This card is also in acrylic on watercolor paper. The original by Canadian, Helen Galloway McNicoll, was called “Buttercups”. McNicoll studied under William Brymer in Montreal. She also painted in Britain as a member of the Royal British Society of Artists and was vice-president of the Society of Women Artists. She was one of the few impressionist who was able to make a financially secure living from her art. She was deaf since childhood and died young from diabetes at the age of 35.

This card is based on a wooden panel painted by John La Farge simply titled “Fish”.. He was a member of the Arts and Crafts Movement and was noted for his stained glass windows. He designed windows for the Trinity Church in Boston and Memorial Hall at Harvard.

To make this card look like wood I first did a ocher undercoat. When that was dry I painted over it with a thicker coat of an ocher/red mix. When that was almost dried, I gently scratched out wood grain like patterns with the edge of a palette knife and let it dry before adding the fish and decorations.

It was interesting copying the works of others but I have a tendency to change them to how I would like them to look, very cheeky I know but I can’t seem to help myself!

 

©Virginia Spencer, thepurpledogpaintingblog.com, 2019

 

Sampson the Dirty Dog

Sammy recently had surgery on a tumor on his tush.  Unfortunately it was malignant but fortunately they were able to remove it with a clean margin.  We will be keeping a close eye on him and hoping for the best.

In the mean time, Sammy is supposed to be staying dry, clean and being a respectable puppy dog while he’s healing.

So of course he did this.

Yup, in the middle of a drought, within minutes of being let out, he found the only bit of mud for miles.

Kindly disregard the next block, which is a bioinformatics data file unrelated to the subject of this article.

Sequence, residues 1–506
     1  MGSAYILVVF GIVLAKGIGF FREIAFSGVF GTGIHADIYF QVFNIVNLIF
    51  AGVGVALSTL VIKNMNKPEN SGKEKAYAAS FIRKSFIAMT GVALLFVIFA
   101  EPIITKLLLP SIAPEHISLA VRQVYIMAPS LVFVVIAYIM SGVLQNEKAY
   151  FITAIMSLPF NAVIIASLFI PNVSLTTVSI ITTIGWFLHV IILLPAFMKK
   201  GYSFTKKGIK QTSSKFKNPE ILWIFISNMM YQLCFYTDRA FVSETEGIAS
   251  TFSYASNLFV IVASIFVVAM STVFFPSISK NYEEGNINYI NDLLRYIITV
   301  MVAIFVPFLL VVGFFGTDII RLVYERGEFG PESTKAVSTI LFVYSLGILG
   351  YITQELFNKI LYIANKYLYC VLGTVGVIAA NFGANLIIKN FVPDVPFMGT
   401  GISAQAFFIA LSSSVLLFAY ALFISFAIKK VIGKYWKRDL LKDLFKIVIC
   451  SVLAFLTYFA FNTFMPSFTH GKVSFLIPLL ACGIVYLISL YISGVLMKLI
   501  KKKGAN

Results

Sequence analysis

And he’s not sorry at all!

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©Virginia Spencer, thepurpledogpaintingblog.com, 2018

 

 

 

 

 

 

The Herbert Hoover Presidential Library and Museum

Freedom is the open window through which pours the sunlight of the human spirit and human dignity. ~ Herbert Hoover

When you enter the Presidential Library of Herbert Hoover, there is a  beautifully made mixed media piece by Richard Pinney.  There are wood carvings and photographs and all sorts of bits and pieces.  I was quite taken with it and inspired as well.

Absolute freedom of the press to discuss public questions is a foundation stone of American liberty. ~ Herbert Hoover

Children are our most valuable natural resource. ~ Herbert Hoover

These dolls were given to President Hoover by Belgian children as a thank you for his war famine relief efforts.  The lady doll seems to be imploring the rather haughty male doll. I am not sure why he has his back to her but I am quite sure that his hat is to die for.

There’s also a slightly out of focus ghostly reflection that appears to be wearing a rather dashing black and white checkered coat. Interesting.

This toy fire truck was made in dedication to the fire fighters who put out the fire at the White House in 1929.

The fire started in the White House attic where 200,000 government pamphlets about all sorts of subjects were stored and then had the good sense to set themselves ablaze.

The President, his son and several other men, worked to remove as many files and historical items as possible while Mrs. Hoover carried on with the Christmas party for children she was hosting.  The children apparently didn’t notice the fire and good times were had.  Mrs. Hoover later handed out cast iron fire trucks to the children that had been at the party.

Hebert Hoover certainly had his share of foibles as all people do but he was an interesting man who did interesting things.  I highly recommend going to his library if you’re in the area.  If you like to meander, the grounds are quite large and perfect for a stroll.  He is buried on the grounds. 

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©Virginia Spencer, thepurpledogpaintingblog.com, 2018